Hopefully, every time you explore the well, your pediatrician will record your child’s growth on the CDC growth chart, which compares height, weight, and body mass index (BMI) with age-based averages. why? Because the CDC growth chart is one of the best tools for early identification of eating disorders (and other problems).
Eating disorders most often begin during adolescence and can quickly become severe. Studies have shown that early intervention can improve the chances of a full recovery.
Unfortunately, most pediatricians are not trained in early detection of eating disorders. In addition, in the face of current social concerns about obesity, doctors may be more sensitive to patients’ weight exceeding expectations and miss signs of restrictive eating disorders including anorexia nervosa. Therefore, the vigilance of parents can make a big difference.
Contrary to what the promise of commercial food companies and the war on fat implies, not everyone should be an average weight for their age and height.
Weight and height are largely determined by genes. Consider the size of the foot, which has a normal distribution. Although today’s average women’s shoe size is 8.5, most of them don’t—some are 5, and some are 10. The same is true for weight. Not everyone is destined to weigh 50thpercentile-some will be heavier, some will be lighter.
Check the child’s growth over the years
In the first year of life, the curve of a child’s growth to a significant degree reflects the environmental factors of the baby and the mother during pregnancy.
By about the second year of life, the child begins to grow along a trend line that more accurately reflects his or her unique genetic growth potential. In healthy children, both height and weight increase along a fairly constant growth curve. However, some children grow steadily in the 25th percentile, others grow steadily in the 50th percentile, and some children grow steadily in the 95th percentile.
Their height and weight percentages may be similar or different. This may be normal for that child.
It is recommended to take annual measurements so that there is enough information to determine whether the child has fallen off the growth trajectory in a dangerous way. This is one of the reasons why paediatric appointments are made every year. If you change your pediatrician, it is best to transfer your growth records so that you can keep a complete record.
It is worth noting that many children and adolescents with anorexia nervosa do not really lose weight. However, they should generally grow up at this age-it is common for children to gain 30 pounds during adolescence.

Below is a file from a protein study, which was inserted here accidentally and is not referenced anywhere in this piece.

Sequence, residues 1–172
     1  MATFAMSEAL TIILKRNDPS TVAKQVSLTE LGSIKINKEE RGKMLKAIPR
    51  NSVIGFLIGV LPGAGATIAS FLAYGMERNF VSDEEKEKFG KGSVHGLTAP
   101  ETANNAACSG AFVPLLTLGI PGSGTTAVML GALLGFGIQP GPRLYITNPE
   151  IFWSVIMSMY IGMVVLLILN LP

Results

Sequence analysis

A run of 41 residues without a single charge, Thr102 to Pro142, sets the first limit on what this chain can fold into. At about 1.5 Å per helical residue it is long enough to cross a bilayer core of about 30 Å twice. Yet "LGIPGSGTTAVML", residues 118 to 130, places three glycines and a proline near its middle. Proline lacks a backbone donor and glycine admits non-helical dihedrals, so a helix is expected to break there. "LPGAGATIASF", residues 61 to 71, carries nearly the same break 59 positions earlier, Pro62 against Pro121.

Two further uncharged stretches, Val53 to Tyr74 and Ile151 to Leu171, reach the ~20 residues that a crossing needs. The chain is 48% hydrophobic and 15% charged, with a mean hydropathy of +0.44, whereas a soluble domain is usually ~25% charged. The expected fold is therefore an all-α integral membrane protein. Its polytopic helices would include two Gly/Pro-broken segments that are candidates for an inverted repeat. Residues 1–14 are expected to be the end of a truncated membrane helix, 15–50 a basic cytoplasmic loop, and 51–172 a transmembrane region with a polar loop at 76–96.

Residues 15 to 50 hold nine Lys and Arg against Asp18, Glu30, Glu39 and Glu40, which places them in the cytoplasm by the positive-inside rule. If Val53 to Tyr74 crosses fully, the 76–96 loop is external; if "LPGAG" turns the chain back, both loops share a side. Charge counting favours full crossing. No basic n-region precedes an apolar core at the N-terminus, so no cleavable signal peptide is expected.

The lack of weight gain may be a sign of malnutrition and is as dangerous as actual weight loss. Malnutrition during adolescence can lead to weak bones and permanent short height. The lack of weight gain in growing children should be a cause for concern. It can mean eating disorders or many other health problems. If a child has a feeding problem before the age of 6, classify it as a feeding disorder, not an eating disorder. Feeding disorders can have dangerous medical consequences for children, including stunting, stunting, and malnutrition.
Professionals also use growth curves to determine recovery target weight, and research shows that these curves are the best way to determine an individual’s treatment target weight (more accurate than using BMI), when they are available.
They can help professionals to accurately estimate women’s weight during menstrual periods after amenorrhea (due to reduced menstrual periods due to malnutrition).
A drop from the trend line of the height or weight growth chart may indicate a potential problem. For example, if a child who has been tracking height or weight along the 75thpercentile suddenly starts tracking along the 40thpercentile, even if they are not technically underweight on the BMI chart, there is reason to be curious and possibly worried. Sometimes a child with anorexia will drop before the height curve and then fall off the weight curve, which is why it is important to keep track of both.
A recent study by Marion and colleagues reviewed the growth curves of 137 children and adolescents hospitalized in France. The results of the study showed that 48% of patients showed deviations in the growth curve about 10 months before their parents first noticed symptoms of eating disorders. The researchers stated that their study “emphasizes the need for more detailed analysis of growth charts to detect anorexia nervosa in children and adolescents earlier.”
Parents can plot the growth of their children on the following charts, or obtain growth records from their children’s doctors:
Parents can also draw a growth curve electronically (for free) on my growth chart, and can learn how to read the growth chart.
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If you notice that your child’s height or weight curve has dropped, ask your doctor to perform a careful medical history and physical examination. There are many possible explanations for growth failure, and eating disorders are just one of them. The doctor may need to perform additional tests.
It is also important to note that not all patients with eating disorders will lose weight or lose weight. Eating disorders can occur in people of all body types.